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Album Friday? — Summary

Gentle Giant — Three Friends
★★★★☆

Gentle Giant have failed to disappoint me once again. Three Friends possesses far less diversity in sound than its predecessor, Acquiring the Taste, yet the pieces are smoother and more coherent. In case you felt their previous albums have been too hectic and incomprehensive, you should give this album a go. The amazing Prologue will draw you in immediately and hold you captive right until the end of the album.

Can — Monster Movie
★★★★★

The music at the end of 60’s and in the beginning of 70’s has always been extremely diverse – there were many experimentalists. Yet the anti-mainstream rock movement in Germany, known as Krautrock or Kosmische Musik (space music), had spawned something entirely different. Can is one of such groups, their music style resembling such bands as Caravan or Soft Machine, just as psychedelic and spacish, yet the difference lies in the over-distorted guitar they use on the background. There are only 4 songs on the album, but each of them is a marvelous composition, simultaneously relaxing and exciting the mind. Crowned by a twenty minute long epic Yoo Doo Right, this debut album deserves the full mark. There will be more Can reviews written by me in the near future.

Toe Fat — Toe Fat 2
★★★★

Previously I included the first Toe Fat album among the One Album Wonders list, but I was mistaken – this band had yet another album published. However, the Uriah Heep star Ken Hensley was not participating in the making of this sequel. The drummer Lee Kerslake also left the band, joining Uriah Heep later in 1971, and was replaced by Brian Glascock. Nevertheless the band continues with hard rock and distorted guitars and simple but nice compositions suited for solos and powerful riffs, having added some slower bluesy jams in between like There’ll Be Changes and A New Way. This is a consistent album that fits well to a casual working day.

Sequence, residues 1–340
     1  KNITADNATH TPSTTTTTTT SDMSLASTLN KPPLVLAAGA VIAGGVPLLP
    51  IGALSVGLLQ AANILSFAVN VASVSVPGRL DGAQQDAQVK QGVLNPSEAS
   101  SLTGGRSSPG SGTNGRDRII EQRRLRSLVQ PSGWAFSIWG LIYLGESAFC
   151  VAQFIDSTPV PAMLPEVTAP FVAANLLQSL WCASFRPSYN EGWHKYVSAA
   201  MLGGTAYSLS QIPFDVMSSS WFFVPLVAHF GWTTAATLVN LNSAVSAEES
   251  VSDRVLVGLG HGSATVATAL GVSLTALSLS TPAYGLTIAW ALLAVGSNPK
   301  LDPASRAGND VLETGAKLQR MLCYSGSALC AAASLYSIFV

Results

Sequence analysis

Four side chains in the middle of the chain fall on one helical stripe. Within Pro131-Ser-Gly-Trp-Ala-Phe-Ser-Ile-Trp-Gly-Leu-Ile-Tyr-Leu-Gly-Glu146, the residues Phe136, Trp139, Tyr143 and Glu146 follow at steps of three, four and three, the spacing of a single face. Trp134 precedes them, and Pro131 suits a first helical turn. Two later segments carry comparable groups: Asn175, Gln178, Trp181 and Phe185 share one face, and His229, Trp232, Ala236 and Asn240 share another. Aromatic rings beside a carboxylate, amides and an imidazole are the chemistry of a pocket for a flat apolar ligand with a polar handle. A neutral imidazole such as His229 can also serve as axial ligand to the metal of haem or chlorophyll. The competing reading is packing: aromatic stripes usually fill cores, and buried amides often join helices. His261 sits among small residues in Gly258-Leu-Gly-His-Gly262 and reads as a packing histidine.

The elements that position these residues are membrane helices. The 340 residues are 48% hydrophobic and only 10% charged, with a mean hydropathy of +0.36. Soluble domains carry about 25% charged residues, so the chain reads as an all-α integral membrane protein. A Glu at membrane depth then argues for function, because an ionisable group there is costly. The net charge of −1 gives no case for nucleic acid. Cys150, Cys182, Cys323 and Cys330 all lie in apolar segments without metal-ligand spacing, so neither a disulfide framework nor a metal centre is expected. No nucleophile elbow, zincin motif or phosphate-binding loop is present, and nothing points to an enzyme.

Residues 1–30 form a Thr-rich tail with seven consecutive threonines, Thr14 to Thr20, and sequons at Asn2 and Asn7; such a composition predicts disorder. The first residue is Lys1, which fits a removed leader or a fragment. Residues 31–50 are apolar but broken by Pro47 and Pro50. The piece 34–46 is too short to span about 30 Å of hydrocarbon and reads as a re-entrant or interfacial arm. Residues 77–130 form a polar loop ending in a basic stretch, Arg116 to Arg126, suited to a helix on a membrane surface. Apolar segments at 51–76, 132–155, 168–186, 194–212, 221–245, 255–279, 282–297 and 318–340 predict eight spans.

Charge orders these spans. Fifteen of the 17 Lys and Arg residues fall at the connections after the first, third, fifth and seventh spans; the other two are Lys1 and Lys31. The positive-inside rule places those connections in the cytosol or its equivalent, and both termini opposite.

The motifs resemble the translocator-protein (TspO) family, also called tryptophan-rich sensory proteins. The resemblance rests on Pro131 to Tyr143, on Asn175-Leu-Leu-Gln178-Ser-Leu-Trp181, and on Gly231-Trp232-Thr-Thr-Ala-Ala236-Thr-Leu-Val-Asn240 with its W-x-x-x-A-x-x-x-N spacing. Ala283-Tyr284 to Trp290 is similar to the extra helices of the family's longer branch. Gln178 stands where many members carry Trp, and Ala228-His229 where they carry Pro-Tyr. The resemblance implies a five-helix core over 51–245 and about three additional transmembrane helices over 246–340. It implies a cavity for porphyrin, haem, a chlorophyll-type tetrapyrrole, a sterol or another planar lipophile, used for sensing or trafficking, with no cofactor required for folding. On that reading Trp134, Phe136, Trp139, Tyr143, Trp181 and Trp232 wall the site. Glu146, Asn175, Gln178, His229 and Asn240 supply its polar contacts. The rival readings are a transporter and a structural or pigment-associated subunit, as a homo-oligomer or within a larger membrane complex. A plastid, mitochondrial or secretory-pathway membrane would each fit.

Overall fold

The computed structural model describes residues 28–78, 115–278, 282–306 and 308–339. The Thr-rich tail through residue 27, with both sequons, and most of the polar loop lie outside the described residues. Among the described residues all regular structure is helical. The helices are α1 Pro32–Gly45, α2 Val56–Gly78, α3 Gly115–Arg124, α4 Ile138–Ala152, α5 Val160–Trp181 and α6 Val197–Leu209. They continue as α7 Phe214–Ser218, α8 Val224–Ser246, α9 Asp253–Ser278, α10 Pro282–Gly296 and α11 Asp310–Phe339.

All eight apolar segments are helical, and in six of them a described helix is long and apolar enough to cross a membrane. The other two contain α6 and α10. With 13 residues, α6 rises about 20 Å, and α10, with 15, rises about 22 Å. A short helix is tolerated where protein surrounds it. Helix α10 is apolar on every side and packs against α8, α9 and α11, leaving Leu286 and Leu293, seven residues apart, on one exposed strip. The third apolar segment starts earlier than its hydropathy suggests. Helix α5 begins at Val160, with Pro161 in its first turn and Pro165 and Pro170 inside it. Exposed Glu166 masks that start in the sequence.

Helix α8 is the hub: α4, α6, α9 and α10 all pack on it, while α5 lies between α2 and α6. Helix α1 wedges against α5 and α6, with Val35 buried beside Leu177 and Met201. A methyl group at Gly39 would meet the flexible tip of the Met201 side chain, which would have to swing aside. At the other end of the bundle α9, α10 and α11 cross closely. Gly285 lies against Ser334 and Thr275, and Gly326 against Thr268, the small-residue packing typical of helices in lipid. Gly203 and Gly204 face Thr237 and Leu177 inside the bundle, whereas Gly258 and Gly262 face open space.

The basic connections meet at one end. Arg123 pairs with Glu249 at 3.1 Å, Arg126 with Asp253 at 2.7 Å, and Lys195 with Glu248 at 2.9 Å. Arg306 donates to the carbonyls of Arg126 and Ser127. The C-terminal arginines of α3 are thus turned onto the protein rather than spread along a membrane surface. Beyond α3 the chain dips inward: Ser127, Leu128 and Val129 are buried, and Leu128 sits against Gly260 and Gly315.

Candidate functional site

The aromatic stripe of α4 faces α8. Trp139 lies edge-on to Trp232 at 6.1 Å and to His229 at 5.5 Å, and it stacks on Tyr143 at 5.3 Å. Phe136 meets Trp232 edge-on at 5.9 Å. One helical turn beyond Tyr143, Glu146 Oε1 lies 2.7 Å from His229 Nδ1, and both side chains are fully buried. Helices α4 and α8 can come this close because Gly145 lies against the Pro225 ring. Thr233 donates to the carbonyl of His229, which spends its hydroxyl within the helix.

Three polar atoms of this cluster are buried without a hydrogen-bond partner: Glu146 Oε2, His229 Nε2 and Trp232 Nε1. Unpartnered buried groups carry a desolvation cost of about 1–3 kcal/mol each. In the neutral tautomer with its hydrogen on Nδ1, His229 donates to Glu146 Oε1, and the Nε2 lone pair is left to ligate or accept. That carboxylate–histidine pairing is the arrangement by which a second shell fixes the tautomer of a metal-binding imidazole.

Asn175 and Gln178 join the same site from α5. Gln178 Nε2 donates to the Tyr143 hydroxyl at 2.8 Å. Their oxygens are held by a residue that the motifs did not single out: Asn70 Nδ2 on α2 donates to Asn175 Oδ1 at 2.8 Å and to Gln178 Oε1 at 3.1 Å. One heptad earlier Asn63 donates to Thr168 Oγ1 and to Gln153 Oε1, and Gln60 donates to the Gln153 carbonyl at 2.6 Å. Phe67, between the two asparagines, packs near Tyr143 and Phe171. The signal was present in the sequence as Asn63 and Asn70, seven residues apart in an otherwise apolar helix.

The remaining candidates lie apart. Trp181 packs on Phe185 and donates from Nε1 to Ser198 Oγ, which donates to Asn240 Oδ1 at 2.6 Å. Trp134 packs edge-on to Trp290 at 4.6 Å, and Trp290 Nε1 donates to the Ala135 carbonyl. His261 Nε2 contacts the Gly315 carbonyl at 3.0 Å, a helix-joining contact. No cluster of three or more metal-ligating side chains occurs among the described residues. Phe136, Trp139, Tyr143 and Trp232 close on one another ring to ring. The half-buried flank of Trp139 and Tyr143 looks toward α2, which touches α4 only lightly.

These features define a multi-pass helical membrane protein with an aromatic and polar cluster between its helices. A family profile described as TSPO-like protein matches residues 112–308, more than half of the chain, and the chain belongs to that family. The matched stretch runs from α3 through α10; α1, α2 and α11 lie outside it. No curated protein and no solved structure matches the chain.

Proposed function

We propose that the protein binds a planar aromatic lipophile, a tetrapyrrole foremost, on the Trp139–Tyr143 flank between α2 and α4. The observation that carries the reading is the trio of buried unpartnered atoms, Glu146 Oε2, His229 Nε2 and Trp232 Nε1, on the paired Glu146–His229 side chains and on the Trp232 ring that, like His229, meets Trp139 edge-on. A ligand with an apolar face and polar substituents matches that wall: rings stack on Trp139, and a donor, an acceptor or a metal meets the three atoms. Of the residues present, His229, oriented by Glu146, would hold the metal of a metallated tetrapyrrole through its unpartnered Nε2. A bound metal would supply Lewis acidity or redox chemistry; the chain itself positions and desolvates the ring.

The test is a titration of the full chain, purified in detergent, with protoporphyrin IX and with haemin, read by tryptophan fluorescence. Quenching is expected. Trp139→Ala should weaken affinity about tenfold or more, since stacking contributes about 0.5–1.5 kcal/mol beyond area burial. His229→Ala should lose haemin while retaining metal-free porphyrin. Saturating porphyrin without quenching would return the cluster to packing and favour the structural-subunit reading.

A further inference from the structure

Jefferson Starship — Red Octopus
★★★

According to Wikipedia, this album was the best sold in the Jefferson history, or by any of its spin-off groups. I was surprised to know that Surrealistic Pillow, the legendary second Jefferson Airplane album, wasn’t at the top. In addition to that, the album also contained their highest charting single, Miracles. I didn’t believe it when I first heard it – this simple and lousy tune wasn’t worth the honour. Most disappointingly, similar poppish cryouts can be heard in every second song on the album.

These are nowhere close the folk instrumental Git Fiddler, or Sweeter Than Honey — another nice, driving piece. Yet I too can say the songs I mentioned just aren’t the right material to become popular. Why do the simplest tunes always make it mainstream? All in all, even though a couple of good pieces can be found here and there, this album didn’t meet my expectations at all. The first Jefferson Starship album, Dragon Fly, has much more class.

ABBA — Ring Ring

ABBARing Ring
★★★

Once upon a time, I decided to listen to ABBA. It’s been a while since I volitionally listened to such “easy” music (in contrast to Zappa, Krautrock or Mahavishnu Orchestra, just to mention a few). Surprisingly enough, I found myself enjoying this album, especially the B-side of it, which was far less dance-floor oriented than its A-side counterpart. The songs are well done, and there’s some variety in the style too, from the rocking Ring Ring to the slower and mind-soothing I Am Just a Girl, yet they’re still too simple for my taste. Also, most annoyingly, almost all of them were about love, and love alone. Yet here’s an exception from this rule, one of the reasons why I picked He Is Your Brother as my favourite track on this album.